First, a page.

Vacuum

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Bosheff
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Vacuum

#1

Post by Bosheff » Thu Feb 25, 2010 3:18 pm

How much vacuum should a healthy, stock FL/FLH pan or shovel produce at idle?....bosheff



NightShift
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Re: Vacuum

#2

Post by NightShift » Thu Feb 25, 2010 5:53 pm

Dear Bosheff,
Is idle 1000 RPM? You got a tach? Where are you tapping in at and how you doing it? The manifold or the breather or the breather gear or your wallet?
Really curious what your trying but I only got good vacuum numbers for the last one,

Sorry,

Bosheff
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Re: Vacuum

#3

Post by Bosheff » Thu Feb 25, 2010 7:51 pm

Just a thought I been hung up on fer a while. A vacuum guage is probably one of the best and least expensive diagnostic tools ever devised for monitoring the condition of internal engine components. There isn't to much a vacuum guage won't tell ya if ya know how to read it. Why not on an H-D mill? Most automotive internal combustion engines have basic perimeters, give or take, to give ya a starting point to work from, when using a vacuum guage to do diagnostic troubleshooting. Ya gotta have a baseline to start from, so that's where my original question came from. I would think the best place to source the vacuum would be the intake manifold. A small nipple should suffice. Am I thinkin rationally, or is my head up my butt?....bosheff

NightShift
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Re: Vacuum

#4

Post by NightShift » Thu Feb 25, 2010 8:39 pm

Dear Bosheff,
Your right the first thing to do is ask about a base line. But anybody whos done such things was either playing with a monster motor or burnt up from the air leak or both.
LOTS of old manifolds got drilled for gauges like this.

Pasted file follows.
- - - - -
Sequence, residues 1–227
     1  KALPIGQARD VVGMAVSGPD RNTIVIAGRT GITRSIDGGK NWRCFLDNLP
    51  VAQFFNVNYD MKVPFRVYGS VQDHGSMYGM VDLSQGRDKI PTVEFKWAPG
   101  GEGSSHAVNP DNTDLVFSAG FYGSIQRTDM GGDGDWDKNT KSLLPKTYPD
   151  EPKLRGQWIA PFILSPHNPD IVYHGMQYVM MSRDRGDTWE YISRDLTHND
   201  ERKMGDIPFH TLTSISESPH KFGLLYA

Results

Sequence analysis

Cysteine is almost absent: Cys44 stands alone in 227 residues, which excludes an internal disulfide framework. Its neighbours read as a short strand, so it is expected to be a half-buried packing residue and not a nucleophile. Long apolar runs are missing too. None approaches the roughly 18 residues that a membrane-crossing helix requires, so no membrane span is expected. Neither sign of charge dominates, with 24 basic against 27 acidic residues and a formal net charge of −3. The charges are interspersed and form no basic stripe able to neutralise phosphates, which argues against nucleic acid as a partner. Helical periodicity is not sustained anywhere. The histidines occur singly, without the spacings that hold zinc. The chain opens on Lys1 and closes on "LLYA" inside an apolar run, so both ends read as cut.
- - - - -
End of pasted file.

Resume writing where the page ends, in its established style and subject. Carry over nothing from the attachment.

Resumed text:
MTRPEAKR.jpg
Where did cars hook up?
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Bosheff
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Re: Vacuum

#5

Post by Bosheff » Thu Feb 25, 2010 9:18 pm

Upon further thought, as I remember the early Evolutions engine had what was called a V.O.E.S. (vacuum operated electronic switch), for retarding the timing to help eliminate pre ignition. These switches were in fact adjustable. I guess I'll have to dig up some of my old reference material as it should have the specs where these switches operated, therefore giving me some idea as to the answer of my original question. Vacuum guages are also quite useful in manitoring engine mileage and were even installed in some autos as an option to tell drivers when they were gettin good or bad fuel mileage. Nice vacuum guage, Shifty. And I thought I had some over the hill tools....bosheff

51Hog
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Re: Vacuum

#6

Post by 51Hog » Thu Feb 25, 2010 9:52 pm

Bosheff--
Never heard of the mileage indicator application before.
I assume that the heavier the foot, (More Load) the less vacuum indicated, and the poorer the mileage?
I still get confused trying to remember the different needle indications while hooked up to an auto engine. Still need to use my cheat sheet.
Dale

fourthgear
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Re: Vacuum

#7

Post by fourthgear » Thu Feb 25, 2010 11:41 pm

I think you will find that multible cyl. V-8 & V 6 type motors & the like, will have a much cleaner vacuum reading @ idle to go by . The HD motor will be all over the place @ idle & may not be useful for diagnostics.
Give it a try ,maybe you will have better luck than I did many ,many years ago .

I know the VOES was for fuel shut off until you got engine vacuum to open the fuel valve ,so the " E " part must be for like you said , timing .

You will show vacuum , this I know ,but useful , not sure .

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Re: Vacuum

#8

Post by FlatHeadSix » Fri Feb 26, 2010 3:37 am

wow, this topic is a real time-machine, it instantly took me back to the sixties.

Every auto parts store and mail order outfit like J.C. Whitney (Warshanski? Warshafski?, jump in here Rick and tell me the name of that place on south Archer Ave) sold an under dash add-on vacuum guage. They usually were advertised as a Mileage Meter with Red, Amber, and Green zones to indicate when you were getting the best gas mileage, just like the picture Cotten posted above, the higher the vacuum reading was the better your fuel economy was. We all thought they were cool and installed one. They usually connected to a fitting already present on the intake manifold intended for vacuum wipers or distributor advance, you just added a "T" and hooked it up. If they were good for anything at all they made you more aware of how far you had your foot into the carb, they just taught you not to "floor" it because the wider the throttle plate was open the less vacuum you had, and it bottomed out in the "Red" zone. Nobody cared back then anyway, gas was two-bits a gallon. When you were smoking those bias-ply tires with that 327 you weren't too concerned about fuel economy.